Category: concept art

Homework: Concept Art Starter Kit – Design Basics

I’ve recently started up CtrlPaint’s Concept Art Starter Kit with artist, Matt Kohr, as a way to brush up my own character design skills.  While I’m not quite going into Concept Art as a profession (yet?), I still think the basic skills will improve my artist’s eye, overall.  Plus, it’s just tons of fun designing characters for my own personal projects!

Since I’m coming mainly from an illustrator’s background, I felt like I needed to start at level 0.  I’ve read a lot of tutorials on concept design, but almost all of them assumed prior knowledge of industry jargon and familiarity.  It’s been refreshing to see something that starts off very simple with tons of visual examples.  The videos thus far are more lecture with examples than they are technique, but that’s just what I wanted and needed at this point. (Expect a review of the course kit over at The Muse’s Library once I’ve completed it!)

Shape Design covers the fundamentals of interpreting shape language and image recognition.  I tried out the suggested exercise of taking reference photos and not merely copying what I see, but trying to get a better idea about how the subject works via closer study and contouring.  The cat on the bottom right corner was drawn from memory after my studies were complete.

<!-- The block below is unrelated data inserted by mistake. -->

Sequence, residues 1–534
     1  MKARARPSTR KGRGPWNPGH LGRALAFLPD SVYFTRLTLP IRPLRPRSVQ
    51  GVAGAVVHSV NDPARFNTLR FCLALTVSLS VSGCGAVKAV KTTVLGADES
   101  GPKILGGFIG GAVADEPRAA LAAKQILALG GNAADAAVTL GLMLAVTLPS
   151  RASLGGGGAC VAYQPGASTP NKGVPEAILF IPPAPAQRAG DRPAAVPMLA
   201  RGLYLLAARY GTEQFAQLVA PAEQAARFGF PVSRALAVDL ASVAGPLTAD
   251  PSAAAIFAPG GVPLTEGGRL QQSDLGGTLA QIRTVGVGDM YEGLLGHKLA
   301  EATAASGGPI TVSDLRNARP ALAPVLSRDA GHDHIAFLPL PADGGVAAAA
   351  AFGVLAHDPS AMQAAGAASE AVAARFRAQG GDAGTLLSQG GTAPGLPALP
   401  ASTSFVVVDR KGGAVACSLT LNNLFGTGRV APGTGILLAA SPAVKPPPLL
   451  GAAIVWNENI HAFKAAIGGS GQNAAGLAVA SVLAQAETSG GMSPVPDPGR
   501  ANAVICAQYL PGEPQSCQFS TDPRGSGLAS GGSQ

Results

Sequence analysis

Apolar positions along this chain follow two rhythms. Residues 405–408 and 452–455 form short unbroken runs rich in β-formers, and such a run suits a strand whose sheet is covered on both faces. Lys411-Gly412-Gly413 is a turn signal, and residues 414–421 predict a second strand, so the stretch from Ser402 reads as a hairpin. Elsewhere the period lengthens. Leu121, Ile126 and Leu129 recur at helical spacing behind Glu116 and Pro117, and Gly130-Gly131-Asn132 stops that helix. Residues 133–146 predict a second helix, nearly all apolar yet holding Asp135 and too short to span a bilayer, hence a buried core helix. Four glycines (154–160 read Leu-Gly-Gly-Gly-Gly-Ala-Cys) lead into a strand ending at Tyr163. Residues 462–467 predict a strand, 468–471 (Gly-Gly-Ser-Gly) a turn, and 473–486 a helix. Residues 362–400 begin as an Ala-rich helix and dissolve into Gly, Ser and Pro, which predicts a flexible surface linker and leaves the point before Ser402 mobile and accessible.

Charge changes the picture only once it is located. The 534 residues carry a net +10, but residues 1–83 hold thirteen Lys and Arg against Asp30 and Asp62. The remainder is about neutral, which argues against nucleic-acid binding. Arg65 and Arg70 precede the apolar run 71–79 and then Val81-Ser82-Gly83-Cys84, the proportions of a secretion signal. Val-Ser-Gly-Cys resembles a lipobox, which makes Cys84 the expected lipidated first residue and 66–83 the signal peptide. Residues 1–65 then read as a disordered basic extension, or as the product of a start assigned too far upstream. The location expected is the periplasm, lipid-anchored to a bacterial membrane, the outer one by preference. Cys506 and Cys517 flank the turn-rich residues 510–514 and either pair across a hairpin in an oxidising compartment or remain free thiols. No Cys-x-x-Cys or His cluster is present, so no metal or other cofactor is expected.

Exercise - Reference Studies

While this method does take longer, I think Kohr’s on to something with this more scientific approach, as I seemed to retain more info this way.  Admittedly, I’m used to copying and pasting references to get my final art done quicker.  Creating more in-depth studies is a good habit I need to get back into!

Next, I tried another suggested exercise where I took what I learned from doing my studies and drew a ‘good’ version and an ‘evil’ version of the same animal from memory using no reference.  Can you tell which one is which?

Exercise - Good vs Bad

If you guessed evil for the cat on the left and good for the cat on the right, I have succeeded!

For the evil cat, I went with the ‘modern’ body style of Siamese cat, which is sleeker and more pointed than the rounded ‘classical’ body style I used for the cat on the right.  I also made intentional choices to give the evil cat claws, pointed ears, pointed eyes, and to be showing his teeth while good cat is softer with rounded eyes and an overlarge head.  Both were drawn from memory based on what I’ve retained from my studies.

I’m looking forward to the next lesson!  Delving into the psychology of shape is utterly fascinating to me.  I think most of us understand this language instinctively, but learning how to purposefully implement it in our art can bring it to a whole other level.

Next Lesson: Design Basics 2

Staying Informed in the Art Profession